[It has been another of “those” weeks – too much to do and too little time. So I’m offering this homily from 2018 as a reminder of how some things change but many do not. Although the treatment of desperate refugees gathering at our southern border is now less draconian, the press for asylum is far from over. And now, over five and a half million people have died of the Covid-19 pandemic worldwide – the greatest number in the United States – over 700 thousand and still increasing. With the retaking of Afghanistan by the Taliban, another ethnic group must also be added to the victims of attempted “cleansing,” in this instance by the resurgent Islamic State, – the Hazaras. In today’s readings, the word of God concerns suffering.]
For those watching news reports this week, we have been greeted again by the heart-breaking spectacle of many thousands of poor people trying to make their way across thousands of difficult miles though Central America and Mexico to reach haven in the United States, the hoped-for Promised Land. After immense suffering, having been uprooted from their homeland because of oppression, violence, poverty, and even climate change, and then risking their lives in many ways, they are met at the border by armed guards, hostile militias, and even soldiers. Many are quickly returned to the squalor and danger of the counties from which they fled. Other face months if not years of ‘processing.’
It is a pattern found elsewhere, of course: in the Mediterranean where Africans risk everything, not least their lives, to find a land of hope and promise in the wealthy northern hemisphere. It is found in Asia, and recently but hardly only in Myanmar, where the Rohingya people have been oppressed, killed, burnt out of their villages, violated, and driven from their homeland only to find bleak refuge in Bangladesh… if they are lucky. In Iraq, it was the Yazidis. Before that, it was the people of South Sudan and East Timor. The list is very long.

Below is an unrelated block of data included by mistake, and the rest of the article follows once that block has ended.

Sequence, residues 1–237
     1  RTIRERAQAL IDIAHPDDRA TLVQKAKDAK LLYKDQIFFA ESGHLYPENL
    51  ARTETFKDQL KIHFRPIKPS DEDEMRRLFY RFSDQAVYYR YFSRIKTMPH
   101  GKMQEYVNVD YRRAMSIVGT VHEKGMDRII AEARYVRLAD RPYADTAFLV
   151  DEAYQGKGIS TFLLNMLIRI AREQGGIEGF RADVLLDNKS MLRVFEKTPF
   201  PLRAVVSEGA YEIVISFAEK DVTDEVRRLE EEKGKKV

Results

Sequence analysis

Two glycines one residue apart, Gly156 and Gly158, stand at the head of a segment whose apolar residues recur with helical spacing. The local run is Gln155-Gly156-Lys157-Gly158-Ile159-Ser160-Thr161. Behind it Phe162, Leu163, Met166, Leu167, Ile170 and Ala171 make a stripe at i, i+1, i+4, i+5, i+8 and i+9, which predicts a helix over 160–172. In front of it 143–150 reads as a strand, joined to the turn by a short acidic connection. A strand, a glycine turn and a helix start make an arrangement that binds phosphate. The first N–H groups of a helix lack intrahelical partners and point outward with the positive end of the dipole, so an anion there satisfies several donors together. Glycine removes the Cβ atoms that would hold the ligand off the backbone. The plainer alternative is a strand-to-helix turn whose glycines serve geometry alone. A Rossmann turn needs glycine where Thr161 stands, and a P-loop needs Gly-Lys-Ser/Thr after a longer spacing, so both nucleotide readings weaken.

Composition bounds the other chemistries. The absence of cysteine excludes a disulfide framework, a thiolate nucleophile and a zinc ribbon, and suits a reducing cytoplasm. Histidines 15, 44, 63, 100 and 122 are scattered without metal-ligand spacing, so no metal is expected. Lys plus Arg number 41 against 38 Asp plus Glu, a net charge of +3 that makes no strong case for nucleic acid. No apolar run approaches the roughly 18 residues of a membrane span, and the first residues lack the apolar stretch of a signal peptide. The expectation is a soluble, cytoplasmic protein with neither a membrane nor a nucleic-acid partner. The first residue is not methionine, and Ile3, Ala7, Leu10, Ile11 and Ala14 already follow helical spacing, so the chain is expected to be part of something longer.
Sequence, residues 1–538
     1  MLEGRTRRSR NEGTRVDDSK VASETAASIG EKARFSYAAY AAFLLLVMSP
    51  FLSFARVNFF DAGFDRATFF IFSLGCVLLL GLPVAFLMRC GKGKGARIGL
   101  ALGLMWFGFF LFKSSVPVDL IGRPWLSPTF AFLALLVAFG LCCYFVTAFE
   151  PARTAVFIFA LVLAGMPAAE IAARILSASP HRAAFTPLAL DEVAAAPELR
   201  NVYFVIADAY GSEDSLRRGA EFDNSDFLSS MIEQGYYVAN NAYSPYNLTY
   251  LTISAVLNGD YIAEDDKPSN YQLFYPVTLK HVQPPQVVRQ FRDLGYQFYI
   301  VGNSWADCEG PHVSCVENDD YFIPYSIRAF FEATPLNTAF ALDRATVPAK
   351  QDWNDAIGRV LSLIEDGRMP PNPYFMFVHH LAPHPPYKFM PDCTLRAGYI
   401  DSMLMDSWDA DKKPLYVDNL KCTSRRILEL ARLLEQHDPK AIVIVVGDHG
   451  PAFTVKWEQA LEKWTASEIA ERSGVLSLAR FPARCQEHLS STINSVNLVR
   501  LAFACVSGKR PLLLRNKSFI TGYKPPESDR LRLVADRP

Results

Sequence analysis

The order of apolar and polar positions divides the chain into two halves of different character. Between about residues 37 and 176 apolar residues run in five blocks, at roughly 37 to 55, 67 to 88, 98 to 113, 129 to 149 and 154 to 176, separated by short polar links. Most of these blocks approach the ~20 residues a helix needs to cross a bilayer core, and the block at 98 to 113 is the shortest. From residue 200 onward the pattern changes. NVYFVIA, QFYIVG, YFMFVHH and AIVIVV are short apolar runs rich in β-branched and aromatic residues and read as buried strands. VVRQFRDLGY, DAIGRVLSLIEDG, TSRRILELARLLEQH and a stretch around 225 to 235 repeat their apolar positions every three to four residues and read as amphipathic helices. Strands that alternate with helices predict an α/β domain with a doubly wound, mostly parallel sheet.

The fact is that in this life, there is no escape from suffering and the thought that we could somehow eliminate it from the human condition is an illusion. In Ingmar Bergman’s great film ‘Smiles of a Summer Night’ (later made into the wonderful if less thought-provoking musical “A Little Night Music”), the elderly doyenne Mrs. Armfeldt tells her daughter, “One can never protect a single human being from any kind of suffering. That is what makes one so tremendously weary.” But we can alleviate it and hopefully end it. That’s the point.
Once again in today’s readings, we are reminded that to follow Jesus involves a willingness if not an actual commitment to endure suffering. But these readings do not see suffering the way we do, as something to be avoided at all cost or simply wished away. Jesus himself healed people because he was deeply moved by their suffering. He saw the end of their suffering as a sign that the Kingdom of God was breaking in to the world. And wherever he went, he healed. But Jesus reminded his closest disciples, so obsessed with privilege and position, that they really hadn’t a clue about what it all meant.